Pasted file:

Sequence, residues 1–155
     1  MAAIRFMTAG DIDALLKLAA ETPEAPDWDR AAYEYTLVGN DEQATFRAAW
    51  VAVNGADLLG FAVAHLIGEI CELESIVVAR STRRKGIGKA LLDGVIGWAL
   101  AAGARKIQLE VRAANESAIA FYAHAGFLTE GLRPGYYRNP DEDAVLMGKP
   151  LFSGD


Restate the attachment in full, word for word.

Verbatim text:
Sequence, residues 1–155
     1  MAAIRFMTAG DIDALLKLAA ETPEAPDWDR AAYEYTLVGN DEQATFRAAW
    51  VAVNGADLLG FAVAHLIGEI CELESIVVAR STRRKGIGKA LLDGVIGWAL
   101  AAGARKIQLE VRAANESAIA FYAHAGFLTE GLRPGYYRNP DEDAVLMGKP
   151  LFSGD